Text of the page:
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Allen Type 1000-4 Amplifier for T12-A - Output Transistor Configuration

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  • Allen Type 1000-4 Amplifier for T12-A - Output Transistor Configuration

    Regarding the two output transistors on an Allen type 1000-4 Amplifier (T12-A organ):

    1. They are both Delco 305783 transistors, TO-3 package. I believe they are PNP germanium types? They don't measure cleanly with an ohmmeter and I haven't found any cross-reference data.

    2. The collector of one of them is insulated from the chassis (greased mica). The collector of the other is attached directly to the chassis (via an aluminum(steel?) mounting plate), using no insulator. Is this right?
    2a. Regarding the chassis-attached collector: the aluminum plate on which it is mounted isn't making a solid electrical connection with the chassis. I want to be sure that the collector really should be grounded before proceeding.

    I contacted Allen, looking for schematics - no luck.

    I've deconstructed the circuit far enough to know that neither collector should be grounded. Oddly enough, the organ has worked fine (well, almost) up to this point. I've been giving the organ a post-purchase shakedown.

    Thank you for your help.
    Chuck Bell
    Last edited by clebell; 10-11-2016, 08:51 AM. Reason: New info:
    ... I ask thee not to beware of Starbuck; thou wouldst but laugh; but let Ahab beware of Ahab; beware of thyself, old man.

  • #2
    The output power transistors on a T-50 amplifier used in the T12-A were 2N2289.
    I don't know what a type 1000-4 amplifier is.



    • #3
      I was reading from a paper label on the chassis top, underneath the expression capacitor: "No. 17,677 Type 1000-4 100 watts... Allen Organ Company".
      There is, however, a large 50 printed on the chassis where the power cord enters. I suspect that means T-50.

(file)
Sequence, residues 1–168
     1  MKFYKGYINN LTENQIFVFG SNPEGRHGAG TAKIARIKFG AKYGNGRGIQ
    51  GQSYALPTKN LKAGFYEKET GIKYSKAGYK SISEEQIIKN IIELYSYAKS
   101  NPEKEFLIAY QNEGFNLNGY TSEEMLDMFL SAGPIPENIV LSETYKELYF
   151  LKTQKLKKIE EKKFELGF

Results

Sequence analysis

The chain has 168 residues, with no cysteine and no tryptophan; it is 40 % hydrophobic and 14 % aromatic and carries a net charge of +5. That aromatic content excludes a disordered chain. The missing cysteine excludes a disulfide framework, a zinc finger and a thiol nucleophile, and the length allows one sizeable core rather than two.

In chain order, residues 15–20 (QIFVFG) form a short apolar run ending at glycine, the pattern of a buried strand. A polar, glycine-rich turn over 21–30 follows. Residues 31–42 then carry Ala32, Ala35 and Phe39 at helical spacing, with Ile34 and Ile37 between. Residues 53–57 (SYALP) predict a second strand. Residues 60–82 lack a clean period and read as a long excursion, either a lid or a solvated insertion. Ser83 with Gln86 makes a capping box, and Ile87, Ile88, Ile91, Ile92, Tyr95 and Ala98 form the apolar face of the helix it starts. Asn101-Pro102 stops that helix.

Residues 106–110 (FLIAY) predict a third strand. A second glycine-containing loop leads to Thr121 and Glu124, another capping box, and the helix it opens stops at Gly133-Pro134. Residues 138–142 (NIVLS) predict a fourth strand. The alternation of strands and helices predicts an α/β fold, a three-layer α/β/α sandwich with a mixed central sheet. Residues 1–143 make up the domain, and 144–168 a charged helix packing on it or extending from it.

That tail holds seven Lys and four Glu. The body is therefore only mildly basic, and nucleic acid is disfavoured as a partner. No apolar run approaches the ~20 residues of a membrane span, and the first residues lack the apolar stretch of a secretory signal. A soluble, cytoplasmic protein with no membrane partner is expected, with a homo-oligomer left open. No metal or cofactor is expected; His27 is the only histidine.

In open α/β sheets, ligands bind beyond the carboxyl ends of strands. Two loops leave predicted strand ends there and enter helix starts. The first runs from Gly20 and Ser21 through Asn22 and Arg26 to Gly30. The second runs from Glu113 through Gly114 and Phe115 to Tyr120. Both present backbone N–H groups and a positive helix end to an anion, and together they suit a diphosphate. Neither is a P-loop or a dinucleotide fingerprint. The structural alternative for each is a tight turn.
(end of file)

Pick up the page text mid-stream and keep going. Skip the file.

That explains why I found zero search results for "Allen type 1000-4".

      Thanks for your help. I'm reverse-engineering an Allen T12-A for refurbishment/upgrade. The cabinet and manuals are in great shape. I figure that a service manual will become available on ebay - after - I've finished the work. It doesn't matter, though. I'm retired and this is interesting work.

      Chuck Bell
      An elderly Hammond organ repairman - still has almost half of his wits.
      Free to a good home.
      ... I ask thee not to beware of Starbuck; thou wouldst but laugh; but let Ahab beware of Ahab; beware of thyself, old man.


      • #4
        I think my question relates to this thread, but it may not . . . . . . .
        I have a T12-A that I purchased from the original owner about two years ago. My son plays the organ at church and uses this for practice at home.
        First, let me say that this organ is an engineering marvel and is very well made. I assume the vintage is 50's or 60's. It worked perfectly when I first brought it home and I don't think it had much maintenance done over the years.
        The organ has three speakers: fixed woofer, fixed mid-range (6-8"?), and a mid-range gyro speaker (6-8"?). Recently, the gyro speaker is not producing sound. It's not an issue with the brushes on the axle. The wires have continuity. I even unplugged the motor and jumped the base to the speaker to bypass the brushes and axle, but still no sound and no voltage at the speaker. Since the other speakers are still producing sound, I assume the amp is fine. I cannot find any loose wires or connections. Can you provide any information on how to trace the output to the gyro speaker? I absolutely LOVE this old organ and want to keep it going.

        Side note, I think the gyro unit still has the original V-belt. It's just amazing to think of the engineering and build-time it took to manufacture these organs.